Now, having said that, I’ve lately been mulling over how that particular freedom works in the age of the internet, where conspiracies and untruths can take hold and mutate, expand, adapt and broaden their reach. It’s now possible for socially-isolated people to self-radicalize in ways that were harder before. And to find targets. And to find like-minded communities that escalate paranoia and fortify senses of fear, anger, hate, victimhood and exaggerated promises of martyrdom, heroism etc.

      Advances in modern media means that communities don’t share the same news hour, read the same newspapers, listen to the same radio stations, inhabit the same planes of reality. It’s a paradox of technology: more choice is both liberating but also restricting as people self-select into their own preferred thought/taste/belief communities without having to make space for, or encounter, or tolerate things not of their own choice. That’s a good thing (in some ways) but also a very bad thing (in a lot of other ways).

      I don’t know how to restructure this new perceptual terrain, and it would be interesting to converse with you CF, and your commenters, about the issue. In my mind, there is no doubt that closed ideological communities have definitely contributed to the festering problem of hate groups — but how to reconcile with the basic freedoms of speech and association?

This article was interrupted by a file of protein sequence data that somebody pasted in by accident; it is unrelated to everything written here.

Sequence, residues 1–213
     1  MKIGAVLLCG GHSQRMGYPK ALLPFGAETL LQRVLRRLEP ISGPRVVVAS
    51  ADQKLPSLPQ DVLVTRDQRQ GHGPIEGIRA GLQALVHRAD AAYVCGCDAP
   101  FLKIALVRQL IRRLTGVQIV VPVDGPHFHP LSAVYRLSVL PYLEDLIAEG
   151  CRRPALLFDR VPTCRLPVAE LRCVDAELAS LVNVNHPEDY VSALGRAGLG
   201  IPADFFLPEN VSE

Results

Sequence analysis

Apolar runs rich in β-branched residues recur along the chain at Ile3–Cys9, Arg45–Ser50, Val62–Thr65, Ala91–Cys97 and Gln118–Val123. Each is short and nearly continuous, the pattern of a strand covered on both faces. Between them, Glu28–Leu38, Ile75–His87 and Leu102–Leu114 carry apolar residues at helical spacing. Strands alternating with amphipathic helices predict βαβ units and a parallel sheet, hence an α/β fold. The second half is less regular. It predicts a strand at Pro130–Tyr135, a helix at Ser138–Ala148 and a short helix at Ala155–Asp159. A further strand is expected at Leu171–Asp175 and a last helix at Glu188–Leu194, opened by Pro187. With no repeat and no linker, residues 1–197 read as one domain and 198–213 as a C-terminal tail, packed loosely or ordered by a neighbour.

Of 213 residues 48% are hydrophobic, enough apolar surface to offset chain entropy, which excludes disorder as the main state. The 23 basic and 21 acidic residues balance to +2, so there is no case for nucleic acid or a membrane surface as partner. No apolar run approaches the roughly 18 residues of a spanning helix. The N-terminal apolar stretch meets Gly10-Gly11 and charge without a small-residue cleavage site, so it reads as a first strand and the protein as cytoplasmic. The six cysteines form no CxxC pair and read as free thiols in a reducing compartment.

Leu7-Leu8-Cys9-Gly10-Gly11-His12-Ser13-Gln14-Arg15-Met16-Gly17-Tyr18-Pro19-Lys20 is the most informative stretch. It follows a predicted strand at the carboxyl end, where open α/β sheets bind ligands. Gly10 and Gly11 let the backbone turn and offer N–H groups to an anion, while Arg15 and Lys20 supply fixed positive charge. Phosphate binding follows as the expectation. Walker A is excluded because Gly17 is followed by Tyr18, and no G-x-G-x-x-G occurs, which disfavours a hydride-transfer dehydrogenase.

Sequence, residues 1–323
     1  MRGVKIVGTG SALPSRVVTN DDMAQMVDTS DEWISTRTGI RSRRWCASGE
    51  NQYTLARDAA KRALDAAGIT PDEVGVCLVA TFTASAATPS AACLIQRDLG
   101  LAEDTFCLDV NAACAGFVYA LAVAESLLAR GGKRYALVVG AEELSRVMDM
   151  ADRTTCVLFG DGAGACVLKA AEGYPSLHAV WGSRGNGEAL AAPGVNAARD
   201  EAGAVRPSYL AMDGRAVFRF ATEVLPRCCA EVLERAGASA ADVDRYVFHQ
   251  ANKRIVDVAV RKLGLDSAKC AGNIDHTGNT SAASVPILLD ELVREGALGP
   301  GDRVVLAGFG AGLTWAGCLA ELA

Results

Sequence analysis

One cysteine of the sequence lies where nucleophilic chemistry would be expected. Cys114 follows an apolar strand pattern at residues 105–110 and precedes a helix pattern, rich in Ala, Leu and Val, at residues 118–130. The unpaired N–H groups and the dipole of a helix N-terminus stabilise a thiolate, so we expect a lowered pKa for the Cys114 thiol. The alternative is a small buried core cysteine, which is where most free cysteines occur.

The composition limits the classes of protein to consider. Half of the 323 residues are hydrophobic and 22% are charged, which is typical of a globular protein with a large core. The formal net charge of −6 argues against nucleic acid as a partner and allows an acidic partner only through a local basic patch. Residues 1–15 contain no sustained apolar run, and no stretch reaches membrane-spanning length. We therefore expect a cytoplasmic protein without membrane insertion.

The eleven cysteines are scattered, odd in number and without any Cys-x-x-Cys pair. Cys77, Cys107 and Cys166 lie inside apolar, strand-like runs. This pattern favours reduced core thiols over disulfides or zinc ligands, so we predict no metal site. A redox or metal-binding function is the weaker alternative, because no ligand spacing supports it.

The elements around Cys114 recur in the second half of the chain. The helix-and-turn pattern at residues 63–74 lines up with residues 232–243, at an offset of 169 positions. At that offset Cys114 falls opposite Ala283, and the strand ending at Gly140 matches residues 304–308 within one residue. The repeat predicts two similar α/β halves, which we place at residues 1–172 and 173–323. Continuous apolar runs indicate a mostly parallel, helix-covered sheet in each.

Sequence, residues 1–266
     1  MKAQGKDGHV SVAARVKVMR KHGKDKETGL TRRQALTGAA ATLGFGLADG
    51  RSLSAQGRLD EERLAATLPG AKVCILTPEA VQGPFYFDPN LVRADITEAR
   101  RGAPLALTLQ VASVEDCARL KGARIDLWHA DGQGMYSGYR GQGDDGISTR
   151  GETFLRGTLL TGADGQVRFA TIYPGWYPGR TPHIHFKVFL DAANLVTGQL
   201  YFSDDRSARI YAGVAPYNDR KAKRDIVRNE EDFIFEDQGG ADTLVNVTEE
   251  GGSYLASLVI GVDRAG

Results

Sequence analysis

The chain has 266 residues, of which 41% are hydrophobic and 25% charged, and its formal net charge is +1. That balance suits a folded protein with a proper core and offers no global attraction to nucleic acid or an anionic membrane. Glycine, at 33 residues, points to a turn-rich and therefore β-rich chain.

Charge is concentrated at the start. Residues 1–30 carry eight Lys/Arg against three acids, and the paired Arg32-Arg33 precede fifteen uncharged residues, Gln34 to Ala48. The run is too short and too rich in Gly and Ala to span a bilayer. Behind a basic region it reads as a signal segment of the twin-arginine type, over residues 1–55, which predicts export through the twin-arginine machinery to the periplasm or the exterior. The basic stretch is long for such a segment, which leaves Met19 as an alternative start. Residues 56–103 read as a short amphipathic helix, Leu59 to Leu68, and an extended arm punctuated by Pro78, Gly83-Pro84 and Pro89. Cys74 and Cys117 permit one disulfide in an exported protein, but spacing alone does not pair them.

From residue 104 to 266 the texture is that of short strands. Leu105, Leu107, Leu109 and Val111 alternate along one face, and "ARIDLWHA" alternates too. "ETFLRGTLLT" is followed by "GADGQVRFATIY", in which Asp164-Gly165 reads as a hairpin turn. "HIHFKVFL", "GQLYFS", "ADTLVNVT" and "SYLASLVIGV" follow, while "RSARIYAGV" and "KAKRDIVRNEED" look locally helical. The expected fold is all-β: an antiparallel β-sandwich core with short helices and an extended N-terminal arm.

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      • KR

        Note: I am aware of the irony that I didn’t read the full item Phantom posted because i could tell right away that is was not going to be something I was going to appreciate. So, am I part of the same problem? 🙂

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      • po8crg

        Are these crimes really all that much more frequent than they were in the days of secret anarchist societies killing two Presidents (McKinley of the USA and Carnot of France) and a Tsar (Alexander II), together with many others?

        I think there’s a baseline level of political terrorism.

        I don’t think that assuming that social media is making it more frequent is a robustly-supported conclusion.

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      • delagar